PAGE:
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Am J Occup Ther. 2016 Nov/Dec;70(6):7006220040p1-7006220040p9.

Equine-Assisted Occupational Therapy: Increasing Engagement for Children With Autism Spectrum Disorder.

Author information

1
Cecilia Llambias, MScOT, is Graduate Student, Department of Occupational Therapy, University of Alberta, Edmonton, Alberta, Canada; llambias@ualberta.ca.
2
Joyce Magill-Evans, PhD, is Professor Emerita, Department of Occupational Therapy, University of Alberta, Edmonton, Alberta, Canada.
3
Veronica Smith, PhD, is Associate Chair, Department of Educational Psychology, University of Alberta, Edmonton, Alberta, Canada.
4
Sharon Warren, PhD, is Professor Emerita, Faculty of Rehabilitation Medicine, University of Alberta, Edmonton, Alberta, Canada.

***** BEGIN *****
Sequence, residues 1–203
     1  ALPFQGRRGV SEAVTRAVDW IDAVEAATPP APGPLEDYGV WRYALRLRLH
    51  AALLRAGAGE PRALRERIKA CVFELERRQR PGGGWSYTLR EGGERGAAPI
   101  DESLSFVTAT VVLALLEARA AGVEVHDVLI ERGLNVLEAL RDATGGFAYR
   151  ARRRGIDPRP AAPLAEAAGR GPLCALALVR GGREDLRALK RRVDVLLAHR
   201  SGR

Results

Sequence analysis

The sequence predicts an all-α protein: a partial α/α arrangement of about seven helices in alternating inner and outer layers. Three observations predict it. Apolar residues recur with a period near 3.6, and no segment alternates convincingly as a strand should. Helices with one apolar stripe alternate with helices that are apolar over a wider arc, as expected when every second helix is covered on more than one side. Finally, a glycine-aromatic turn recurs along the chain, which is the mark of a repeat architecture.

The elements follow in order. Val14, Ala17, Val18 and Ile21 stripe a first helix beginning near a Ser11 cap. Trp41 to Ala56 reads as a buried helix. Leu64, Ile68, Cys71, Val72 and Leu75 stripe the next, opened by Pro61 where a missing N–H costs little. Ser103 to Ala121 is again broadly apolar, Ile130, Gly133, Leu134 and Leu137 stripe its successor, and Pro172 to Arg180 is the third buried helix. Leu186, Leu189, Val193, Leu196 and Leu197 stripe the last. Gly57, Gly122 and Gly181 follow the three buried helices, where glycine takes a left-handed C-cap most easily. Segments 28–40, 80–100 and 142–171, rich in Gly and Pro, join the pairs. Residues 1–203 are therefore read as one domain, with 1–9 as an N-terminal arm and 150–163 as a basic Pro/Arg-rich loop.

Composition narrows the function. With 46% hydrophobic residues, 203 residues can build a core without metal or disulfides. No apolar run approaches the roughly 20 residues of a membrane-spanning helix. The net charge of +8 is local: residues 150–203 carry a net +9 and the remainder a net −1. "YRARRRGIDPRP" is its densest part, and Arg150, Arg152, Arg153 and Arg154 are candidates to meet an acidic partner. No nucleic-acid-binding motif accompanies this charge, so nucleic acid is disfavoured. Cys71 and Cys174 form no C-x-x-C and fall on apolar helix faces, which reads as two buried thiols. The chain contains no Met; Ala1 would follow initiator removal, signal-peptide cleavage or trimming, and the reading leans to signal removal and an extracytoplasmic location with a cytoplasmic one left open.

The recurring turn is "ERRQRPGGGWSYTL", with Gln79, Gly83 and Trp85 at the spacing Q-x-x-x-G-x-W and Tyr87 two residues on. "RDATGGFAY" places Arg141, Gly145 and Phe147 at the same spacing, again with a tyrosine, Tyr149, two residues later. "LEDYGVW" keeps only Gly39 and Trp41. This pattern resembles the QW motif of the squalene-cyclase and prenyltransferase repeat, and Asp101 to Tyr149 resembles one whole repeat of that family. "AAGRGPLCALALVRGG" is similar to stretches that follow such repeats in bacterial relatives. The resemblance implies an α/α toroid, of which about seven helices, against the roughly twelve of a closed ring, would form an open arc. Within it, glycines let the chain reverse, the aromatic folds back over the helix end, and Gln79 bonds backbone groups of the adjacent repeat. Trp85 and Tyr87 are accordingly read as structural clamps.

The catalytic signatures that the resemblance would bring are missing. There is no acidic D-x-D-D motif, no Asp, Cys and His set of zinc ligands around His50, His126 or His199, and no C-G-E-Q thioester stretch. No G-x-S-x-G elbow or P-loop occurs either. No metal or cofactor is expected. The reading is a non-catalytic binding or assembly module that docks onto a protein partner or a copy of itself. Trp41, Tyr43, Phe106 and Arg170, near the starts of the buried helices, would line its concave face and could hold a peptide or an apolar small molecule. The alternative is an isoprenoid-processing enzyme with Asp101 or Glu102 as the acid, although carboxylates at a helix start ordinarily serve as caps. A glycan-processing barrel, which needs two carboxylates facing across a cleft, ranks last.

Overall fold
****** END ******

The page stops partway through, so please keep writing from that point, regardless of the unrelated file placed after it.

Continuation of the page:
Abstract

Engagement in meaningful activities is essential to development and is often reduced in children with autism spectrum disorder (ASD) who have limited engagement in activities or relationships. A multiple-baseline design was used with 7 children with ASD ages 4-8 yr to assess the effect of including a horse in occupational therapy intervention on task engagement. The children showed improvements in engagement. Including horses in occupational therapy sessions may be a valuable addition to conventional treatments to increase task engagement of children with ASD. Factors related to the environment, therapeutic strategies, and individual participation need to be considered in understanding why this intervention may be effective and developing a theoretical basis for implementation.

TRIAL REGISTRATION:

ClinicalTrials.gov NCT02714101.

PMID:
27767943
DOI:
10.5014/ajot.2016.020701
[Indexed for MEDLINE]

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